Hence my “Jesus as Robin Hood” reference. There is nothing virtuous about stealing from the rich to give to the poor, and Jesus never supported this approach to poverty issues.

31

DH 09.28.05 at 7:08 pm

Amen, John. What did you think of my logic lesson? Not only is it nota strawman but it is also illogical to think that pure socialism isn’t robin hood. :)

32

Joel Thomas 09.28.05 at 7:55 pm

Once people start bringing in terms like “theft” and “extortion” then dialogue from my way becomes very diffcult.

For one thing, Biblically speaking, to fail to pay a worker a living wage is the greatest theft of all, an immorality of immense proportions that I think angers Jesus far more than the money changers working of out sacred place.

33

DH 09.28.05 at 9:36 pm

How is that greater than forcibly taking income like pure socialism does? What makes you think it isn’t theft or extortion based on John and I’s logical concept of the connection to Robin Hood.

To also, say that people who live under pure socialism who had their money forcibly taken away as being “money changers” I feel is extremely unfair and unwarrented.

When people use pure socialism in an even slightly postivie light than dialogue from my way becomes very difficult.

34

Richard 09.28.05 at 10:40 pm

What is this ‘pure soci alism’ you’ve introduced into the conversation, DH? I’ve never heard even the most militant Trot use the term, I don’t think.
And what does it have to do with my suggestion that what many US pundits dismiss as soc ialism (like Britain’s NHS, for example) do in fact have their origins in an understanding of the Christian gospel which is perfectly respectable outside of the USA.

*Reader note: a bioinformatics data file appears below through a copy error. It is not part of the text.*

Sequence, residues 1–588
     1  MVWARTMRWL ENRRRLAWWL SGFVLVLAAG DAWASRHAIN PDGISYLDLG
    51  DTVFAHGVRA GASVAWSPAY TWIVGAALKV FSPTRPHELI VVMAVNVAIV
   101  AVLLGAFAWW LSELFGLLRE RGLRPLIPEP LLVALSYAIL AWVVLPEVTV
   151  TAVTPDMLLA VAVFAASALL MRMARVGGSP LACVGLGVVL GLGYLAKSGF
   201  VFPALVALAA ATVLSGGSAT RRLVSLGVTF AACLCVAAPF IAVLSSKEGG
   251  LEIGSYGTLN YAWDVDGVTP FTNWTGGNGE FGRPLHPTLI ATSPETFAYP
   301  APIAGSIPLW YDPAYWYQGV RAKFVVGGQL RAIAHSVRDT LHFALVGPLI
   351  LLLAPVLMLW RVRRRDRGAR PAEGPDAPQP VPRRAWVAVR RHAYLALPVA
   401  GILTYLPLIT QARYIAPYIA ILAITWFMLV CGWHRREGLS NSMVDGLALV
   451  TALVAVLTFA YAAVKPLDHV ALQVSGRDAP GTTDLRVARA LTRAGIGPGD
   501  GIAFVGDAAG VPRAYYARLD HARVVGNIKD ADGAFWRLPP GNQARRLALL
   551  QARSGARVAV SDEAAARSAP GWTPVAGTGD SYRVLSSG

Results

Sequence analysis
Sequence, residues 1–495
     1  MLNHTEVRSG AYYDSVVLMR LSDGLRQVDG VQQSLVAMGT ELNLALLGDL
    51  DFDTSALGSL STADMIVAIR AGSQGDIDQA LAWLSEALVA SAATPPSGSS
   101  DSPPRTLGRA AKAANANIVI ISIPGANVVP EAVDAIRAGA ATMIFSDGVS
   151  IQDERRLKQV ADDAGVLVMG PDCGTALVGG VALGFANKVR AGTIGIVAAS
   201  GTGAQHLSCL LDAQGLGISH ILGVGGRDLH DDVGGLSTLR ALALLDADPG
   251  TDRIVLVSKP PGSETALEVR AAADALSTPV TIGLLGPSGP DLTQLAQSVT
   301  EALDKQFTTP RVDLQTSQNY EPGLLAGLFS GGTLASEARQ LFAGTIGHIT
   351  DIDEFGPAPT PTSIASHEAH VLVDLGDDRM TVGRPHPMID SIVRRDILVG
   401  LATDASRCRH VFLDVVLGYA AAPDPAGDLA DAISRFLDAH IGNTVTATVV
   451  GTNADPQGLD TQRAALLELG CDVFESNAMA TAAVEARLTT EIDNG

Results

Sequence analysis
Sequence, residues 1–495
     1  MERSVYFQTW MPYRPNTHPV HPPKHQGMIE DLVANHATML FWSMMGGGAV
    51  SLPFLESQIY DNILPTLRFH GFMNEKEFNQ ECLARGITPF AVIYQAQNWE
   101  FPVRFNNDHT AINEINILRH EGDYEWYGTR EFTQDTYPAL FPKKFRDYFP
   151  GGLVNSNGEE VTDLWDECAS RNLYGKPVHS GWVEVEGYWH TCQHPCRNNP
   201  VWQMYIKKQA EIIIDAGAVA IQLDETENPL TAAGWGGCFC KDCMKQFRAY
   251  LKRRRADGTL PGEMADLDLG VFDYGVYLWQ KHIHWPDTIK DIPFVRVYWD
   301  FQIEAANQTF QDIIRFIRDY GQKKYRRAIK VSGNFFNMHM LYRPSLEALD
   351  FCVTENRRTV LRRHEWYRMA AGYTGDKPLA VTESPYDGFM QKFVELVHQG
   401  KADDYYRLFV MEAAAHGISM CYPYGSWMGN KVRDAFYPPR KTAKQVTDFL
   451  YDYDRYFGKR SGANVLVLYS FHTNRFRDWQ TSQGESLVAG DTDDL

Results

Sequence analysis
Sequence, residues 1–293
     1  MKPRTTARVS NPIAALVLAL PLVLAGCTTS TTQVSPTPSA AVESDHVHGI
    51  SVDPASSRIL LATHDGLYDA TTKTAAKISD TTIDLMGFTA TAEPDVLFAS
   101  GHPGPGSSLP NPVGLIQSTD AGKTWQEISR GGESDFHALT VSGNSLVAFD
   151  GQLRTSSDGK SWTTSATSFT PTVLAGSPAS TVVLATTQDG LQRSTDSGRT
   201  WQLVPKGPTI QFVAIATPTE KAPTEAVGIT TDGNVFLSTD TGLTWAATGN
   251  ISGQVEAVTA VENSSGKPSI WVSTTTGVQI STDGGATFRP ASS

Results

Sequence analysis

I’m not asking you to agree with universal health care, social welfare, or any such thing. All I’m asking is that you acknowledge, however grudgingly, that some of us support these things because our faith in God compells us to.

35

John 09.29.05 at 3:06 am

I understand your point, Joel.

I use the terms ‘theft’ and ’stealing’ not to impute a nefarious nature to our dear Richard, but to confront people with the fact that immoral actions do not automatically become moral simply because the government performs them.

36

John 09.29.05 at 3:08 am

I’m not asking you to agree with universal health care, social welfare, or any such thing. All I’m asking is that you acknowledge, however grudgingly, that some of us support these things because our faith in God compells us to.

I’m completely on board with the idea that you’re acting in good faith. I disagree with the means, but I think that we have the same objective.

37

DH 09.29.05 at 4:23 pm

I too agree with John on both replies. I think forcibly taking from the rich and giving to the poor is not Christian or founded on the Christian Gospel. In Acts they willingly not forcibly did what you promote. This is where John and I seperate from you. I don’t feel that our Faith in God mandates us forcibly doing something that God in Acts had the people do willingly. Does that make sense? I think that is the “means” that John is saying.

The good thing is that all three of us agree with the objectives of our responsibility to the poor. To me that is the most important.